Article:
Pools - benefit or burden?

Do swimming pools really add more value to your property?

Before adding a pool to your home, it pays to consider your medium term intentions. Will you still be living there in five years? Will your children still be living at home? A pool is a major expense. But is it an investment in anything more than leisure?

Pools - benefit or burden?
Pools – benefit or burden?

A pool can increase the resale value of our homes and may even shorten the sales cycle if you find the right buyer. However, contrary to what most of us think, not everyone desires a pool. Some potential buyers will see issues like maintenance and safety as a very real negative. Despite loving your home, the pool can be enough to kill the sale. Of course, pool builders will always tell you that a pool will add to the value of your property. They’re probably right but it’s a contentious statement.

Of course, a pool is a lot more than just an area for swimming. A well designed and landscaped pool is integrated with the home’s architecture, which focuses on the aspect of style and functionality. It becomes a feature which best complements the garden and landscaping of the property and often provides a view where none existed.

Life span of usage
OK, there’s no doubt a well built pool will last 20 years before needing refurbishment. But if your objective is to build a pool for your children to enjoy, make sure you think about how long they’ll be around to use it. My parents installed a pool when we were pre-teens. It got lots of use. But then my parents decided to build a new home with an even bigger pool. By then, we were late teens. Before the house and pool were finished, my sister left home and I was gone two years later. That pool became an increasing burden over the ensuing 25 years since neither of my parents enjoyed swimming!

The point is that you really need to consider whether your pool is going to get the use you want it to. It may be a much better option to commit to regular trips to the beach or the local swimming hole.

Construction Cost
Let’s face it, building a swimming pool is an expensive endeavour. The expense doesn’t stop with the pool, which, in itself, can easily run to $50,000. You then have the associated landscaping costs including your pool surrounds, access paths and general landscaping. You will probably be required by law to provide a child-proof fence around the pool. And you’ll probably also spend more money repairing your lawns and garden after the machinery and trucks have rearranged them.

Pool construction requires very important consideration in terms of size. Obviously, size effects cost, but it also impacts on the style and functionality of the property. A pool of the right size complements other features of the property such as the landscape and garden. A smaller pool might also allow space for barbecue, pizza oven, cabana or a shed.

Pool Type
Above ground pools are significantly less expensive than in-ground pools. Assuming you have a level area, they are very easy to install and, importantly, can be just as easily dismantled when they outlive their usefulness. They also tend to be smaller so they require less space. The negatives are that above-ground pools are less durable and aesthetically inferior when compared with an in-ground pool.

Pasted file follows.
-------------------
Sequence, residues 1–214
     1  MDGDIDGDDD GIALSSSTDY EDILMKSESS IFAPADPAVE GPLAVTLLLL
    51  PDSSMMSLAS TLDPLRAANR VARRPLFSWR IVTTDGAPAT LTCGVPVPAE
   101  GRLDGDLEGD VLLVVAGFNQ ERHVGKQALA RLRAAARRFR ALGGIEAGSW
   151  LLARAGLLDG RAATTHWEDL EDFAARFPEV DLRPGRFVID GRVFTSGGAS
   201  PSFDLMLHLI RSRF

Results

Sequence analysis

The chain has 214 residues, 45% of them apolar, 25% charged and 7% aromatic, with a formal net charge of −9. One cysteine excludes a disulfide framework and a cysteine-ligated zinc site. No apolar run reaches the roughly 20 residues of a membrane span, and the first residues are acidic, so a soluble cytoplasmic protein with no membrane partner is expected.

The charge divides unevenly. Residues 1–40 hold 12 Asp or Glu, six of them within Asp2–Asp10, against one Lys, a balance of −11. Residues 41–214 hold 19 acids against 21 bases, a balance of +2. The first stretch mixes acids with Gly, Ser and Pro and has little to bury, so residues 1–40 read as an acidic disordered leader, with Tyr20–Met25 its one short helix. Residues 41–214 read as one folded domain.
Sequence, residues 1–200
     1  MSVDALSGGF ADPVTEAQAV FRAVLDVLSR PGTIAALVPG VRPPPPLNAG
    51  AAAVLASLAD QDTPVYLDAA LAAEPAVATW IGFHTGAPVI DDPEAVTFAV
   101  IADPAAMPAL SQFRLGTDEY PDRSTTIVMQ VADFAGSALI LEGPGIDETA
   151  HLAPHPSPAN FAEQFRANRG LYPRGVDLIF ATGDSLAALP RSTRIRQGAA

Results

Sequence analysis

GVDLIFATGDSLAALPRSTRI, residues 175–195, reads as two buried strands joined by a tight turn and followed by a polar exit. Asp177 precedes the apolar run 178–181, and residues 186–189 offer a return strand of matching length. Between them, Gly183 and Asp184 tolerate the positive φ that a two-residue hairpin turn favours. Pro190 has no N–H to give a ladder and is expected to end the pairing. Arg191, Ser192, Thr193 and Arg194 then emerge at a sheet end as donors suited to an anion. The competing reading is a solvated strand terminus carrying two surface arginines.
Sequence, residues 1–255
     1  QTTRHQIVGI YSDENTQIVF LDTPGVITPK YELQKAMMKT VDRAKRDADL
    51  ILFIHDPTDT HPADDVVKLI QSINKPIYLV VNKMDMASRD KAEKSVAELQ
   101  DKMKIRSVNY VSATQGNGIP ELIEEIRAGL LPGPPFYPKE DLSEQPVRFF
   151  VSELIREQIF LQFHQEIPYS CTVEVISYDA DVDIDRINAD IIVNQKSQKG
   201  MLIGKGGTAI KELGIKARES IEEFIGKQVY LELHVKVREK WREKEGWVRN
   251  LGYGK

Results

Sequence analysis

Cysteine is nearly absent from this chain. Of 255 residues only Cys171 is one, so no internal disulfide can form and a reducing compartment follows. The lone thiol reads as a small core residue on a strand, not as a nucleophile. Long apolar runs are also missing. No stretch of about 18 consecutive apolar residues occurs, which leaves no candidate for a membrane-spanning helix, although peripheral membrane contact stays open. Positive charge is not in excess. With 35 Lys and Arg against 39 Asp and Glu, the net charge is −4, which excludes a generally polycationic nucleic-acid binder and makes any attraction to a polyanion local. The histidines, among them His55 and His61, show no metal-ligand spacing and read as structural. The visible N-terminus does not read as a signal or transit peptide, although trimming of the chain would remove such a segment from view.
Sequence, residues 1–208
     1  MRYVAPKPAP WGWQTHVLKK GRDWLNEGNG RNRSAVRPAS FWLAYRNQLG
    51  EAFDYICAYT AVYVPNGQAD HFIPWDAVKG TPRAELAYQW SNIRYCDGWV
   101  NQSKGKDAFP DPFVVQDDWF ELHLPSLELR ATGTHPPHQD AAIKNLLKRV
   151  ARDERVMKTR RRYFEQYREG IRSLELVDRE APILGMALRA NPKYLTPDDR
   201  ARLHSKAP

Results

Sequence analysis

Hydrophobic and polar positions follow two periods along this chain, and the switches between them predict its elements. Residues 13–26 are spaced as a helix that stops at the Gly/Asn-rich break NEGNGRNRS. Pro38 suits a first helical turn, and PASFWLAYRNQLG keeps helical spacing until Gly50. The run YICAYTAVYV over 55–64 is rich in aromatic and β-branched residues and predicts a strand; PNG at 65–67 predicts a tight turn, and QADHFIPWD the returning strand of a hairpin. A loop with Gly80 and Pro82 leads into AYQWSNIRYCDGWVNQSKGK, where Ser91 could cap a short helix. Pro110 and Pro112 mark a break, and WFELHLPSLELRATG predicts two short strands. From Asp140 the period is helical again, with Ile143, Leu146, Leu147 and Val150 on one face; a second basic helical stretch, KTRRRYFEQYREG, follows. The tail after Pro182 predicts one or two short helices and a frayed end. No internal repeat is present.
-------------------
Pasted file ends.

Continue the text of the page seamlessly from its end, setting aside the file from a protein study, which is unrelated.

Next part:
Swimming pool construction requires a permit. Its best to consult local councils first, for they have set standards with regards to pool construction and safety. Construction cannot take place without a permit for there are important aspects such as reactive soil, presence of underground cables, and other utility pipes which require consideration.

Pool Maintenance
Pools require constant maintenance to ensure safety and cleanliness. Even a ‘maintenance free’ pool requires maintenance. Skimmer boxes need to be checked and emptied, filters need to be flushed, chlorinators and pumps wear out and even filter housings need to be replaced over time. Don’t forget to add in the power needed to run the filter pump for anything up to eight hours a day. These are some of the things that turn a ‘would be’ purchaser away. It’s easy to wear rose-coloured glasses when planning the pool but reality bites once the pool is in.

There are pool drownings every day of the week. If there is any risk of children gaining access to the pool, a pool fence is really a necessity… even if you are not legally required to install one. There is also the very real risk of pathogens causing illness if the pool is not correctly cleaned and the PH balance maintained to the correct levels.

Think of a pool as in investment in pleasure only. It is exceptionally rare that the cost of a pool is recovered when you sell your home. If you live in the appropriate climate, have young children and do not have easy access to alternatives, installing a pool may be the best thing you’ve ever done. But consider the realities objectively.

Of course, many of the potential problems listed above can be avoided by choosing to install a natural swimming pond rather than a ‘conventional’ pool. Check back tomorrow for our new post called “Is a natural swimming pond the solution to swimming pool headaches?

Until then, why not share your thoughts and opinions via the comments box below?



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